Scarlet, those who use the 10% figure do not include docking/storage on the hard
as they are not maintenance costs. An annual haul-out for anti-fouling
etc., would be included. Please keep in mind that many cruisers prefer to anchor
their boats and use dockage only from time to time.
In addition, I don't think that anyone is suggesting that the 10% per year figure would apply to all boats. Certainly, over the first several years of ownership
of a new boat, that would be extremely high. When dealing with a used boat
, it is contingent upon the age and condition of the used boat
at the start of service
for the new owner. In your hypothetical, if one 45 foot boat costs $500K and another $200K, we can assume that the more expensive boat is much newer (if not new) and in much better condition. In those circumstances the yearly maintenance could actually be less (if not much less) than on the cheaper boat.
You must keep in mind that sails
, standing and running rigging
, canvass, diesels, hatches, portllights, equipment
all have a limited life expectancy. Life expectancy will vary with not only age, but also use/abuse.
The diesels on my 20 year old cat have about 3400 hours and have been meticulously maintained (including rebuilt injection systems, frequent oil/filter changes, and other parts replacements
as required). I fully expect to get 6000 plus hours out of them with continued good maintenance, although can expect some additional repairs
during that period of time. Recently replaced diesels are, therefore, a very good thing on a used boat. Diesels on boats from the charter trade
that have 5-6000 hours, however, are ones which will have a limited additional life-expectancy regardless of their age. Remember, replacement is very expensive - to replace my two Yanmar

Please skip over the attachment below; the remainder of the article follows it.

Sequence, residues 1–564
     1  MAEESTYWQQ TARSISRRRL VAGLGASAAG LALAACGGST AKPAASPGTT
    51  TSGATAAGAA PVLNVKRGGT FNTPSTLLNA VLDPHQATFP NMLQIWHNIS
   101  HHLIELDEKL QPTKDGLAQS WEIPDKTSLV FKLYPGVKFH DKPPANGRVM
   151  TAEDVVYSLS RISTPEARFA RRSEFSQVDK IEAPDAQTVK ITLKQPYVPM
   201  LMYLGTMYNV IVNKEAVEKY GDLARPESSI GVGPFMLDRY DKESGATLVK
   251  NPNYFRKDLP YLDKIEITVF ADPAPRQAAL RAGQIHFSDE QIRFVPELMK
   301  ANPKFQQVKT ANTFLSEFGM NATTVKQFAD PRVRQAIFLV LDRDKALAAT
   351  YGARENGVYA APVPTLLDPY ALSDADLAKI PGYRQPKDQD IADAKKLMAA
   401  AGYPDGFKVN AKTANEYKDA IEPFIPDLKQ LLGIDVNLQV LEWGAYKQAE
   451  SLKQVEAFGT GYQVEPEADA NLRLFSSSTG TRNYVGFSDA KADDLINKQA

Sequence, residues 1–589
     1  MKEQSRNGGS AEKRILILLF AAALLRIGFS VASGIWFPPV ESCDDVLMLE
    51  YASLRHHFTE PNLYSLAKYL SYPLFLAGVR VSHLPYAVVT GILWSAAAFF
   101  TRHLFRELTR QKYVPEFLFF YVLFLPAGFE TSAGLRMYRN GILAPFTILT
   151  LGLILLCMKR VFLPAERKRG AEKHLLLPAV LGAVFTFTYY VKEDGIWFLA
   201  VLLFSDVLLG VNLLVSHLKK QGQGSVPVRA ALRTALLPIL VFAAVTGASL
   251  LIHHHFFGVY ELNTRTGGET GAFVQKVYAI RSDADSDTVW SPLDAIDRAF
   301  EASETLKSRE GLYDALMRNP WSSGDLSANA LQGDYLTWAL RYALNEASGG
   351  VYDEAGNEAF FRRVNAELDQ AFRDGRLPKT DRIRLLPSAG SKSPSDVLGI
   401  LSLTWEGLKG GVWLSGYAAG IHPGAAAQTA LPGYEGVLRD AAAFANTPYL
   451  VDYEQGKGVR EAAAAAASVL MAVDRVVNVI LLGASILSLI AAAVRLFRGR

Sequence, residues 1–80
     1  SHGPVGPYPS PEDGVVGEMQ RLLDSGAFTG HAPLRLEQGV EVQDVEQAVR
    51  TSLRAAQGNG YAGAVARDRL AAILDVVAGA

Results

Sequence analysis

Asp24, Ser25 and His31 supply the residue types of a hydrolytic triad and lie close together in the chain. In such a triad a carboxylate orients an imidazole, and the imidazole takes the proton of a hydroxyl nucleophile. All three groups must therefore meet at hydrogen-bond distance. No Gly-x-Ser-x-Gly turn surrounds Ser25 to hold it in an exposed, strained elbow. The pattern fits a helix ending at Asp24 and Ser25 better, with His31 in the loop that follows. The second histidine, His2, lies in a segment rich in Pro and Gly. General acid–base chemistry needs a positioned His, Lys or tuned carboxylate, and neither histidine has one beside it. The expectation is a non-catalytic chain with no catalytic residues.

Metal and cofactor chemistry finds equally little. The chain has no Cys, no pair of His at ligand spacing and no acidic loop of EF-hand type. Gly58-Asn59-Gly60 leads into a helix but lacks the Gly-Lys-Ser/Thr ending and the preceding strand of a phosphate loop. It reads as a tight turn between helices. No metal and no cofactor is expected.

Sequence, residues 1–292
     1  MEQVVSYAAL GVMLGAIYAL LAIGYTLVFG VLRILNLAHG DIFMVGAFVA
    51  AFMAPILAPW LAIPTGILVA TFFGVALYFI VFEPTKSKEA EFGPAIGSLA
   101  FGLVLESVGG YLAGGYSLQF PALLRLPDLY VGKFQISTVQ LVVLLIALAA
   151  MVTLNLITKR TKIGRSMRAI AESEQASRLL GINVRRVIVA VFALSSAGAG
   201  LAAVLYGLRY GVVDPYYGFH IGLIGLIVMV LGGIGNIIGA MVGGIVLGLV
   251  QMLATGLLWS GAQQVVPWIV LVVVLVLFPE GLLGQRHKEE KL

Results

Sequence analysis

3 gm30's would currently cost about $25,000.00.
are also expensive - on a 45 foot cat, you could expect to pay about $15,000.00 for new working sails from a recognized loft (to say nothing of any storm sails, drifters, spinnakers). Here, life expectancy depends upon not only age, but use/abuse and the quality of the sails to begin with. Most boats coming off charter
will have only working sails and they will generally be at the end of the their life-expectancy. In my 4 years of ownership
, I have purchased a new mainsail
, staysail and am replacing my genoa
this year. I have puchased 'offshore' quality sails and expect them to last about 7-8 years, with a likely need to be recut in the interim, (once being used on a full-time basis - my present 4 - 5 month per year use in fresh water
would allow them to last much longer).
should last for about 7-8 years in a salt water environment
and the cost can easily get into the $4K to 5K range on a 45 foot boat. Items such as lifelines
will also need sporadic replacement - especially if the boat is equipped with the typical vinyl covered lines that trap moisture/salt around the wire. Figure on $ 2- 3K to replace these with high quality, 1X19 wire and fittings for a dual lifeline/gate set-up. Life expectancy for vinyl covered wire is also about 5-7 years, depending upon use (more in a fresh water
Batteries - it depends upon the brand, type and whether or not they were abused. Even if charging
was carefully monitored, 7 years is about tops for most 'golf cart' type lead-acid batteries. To replace the house bank/starter batteries/windlass battery
on a 45 foot cat intended for long-range cruising can easily run $3 to 5K.
and fixed portlights
will also eventually need replacing and 10 years, in my experience, seems about tops if the boat is used continuously in tropical areas and the windows have not been covered. Depending upon the number and size of hatches/ports, it would not be difficult to spend $10K even if they are sef-installed. I am in the process of replacing all of the hatches/ports on my boat and it was a northern, fresh water boat for all but 3 1/2 years of her life.
A canvass dodger
, sail cover
can also run into the $5-$8K range (my custom bimini/full cockpit
enclosure cost $5K alone). Life with full time use is probably 5-7 years with window replacment along the way.
Anyway, I am sure you get the idea. That is why, when shopping
for a used boat, the price
can vary so much. The boat with low hours on the diesels and recent sails/rigging can end up being much cheaper, even in the relatively short-term. For that reason it is very wise to avoid paying too much attention to the listed price
of two boats of the same vintage as condition and likely high-ticket maintenance/replacement costs can change the picture dramatically.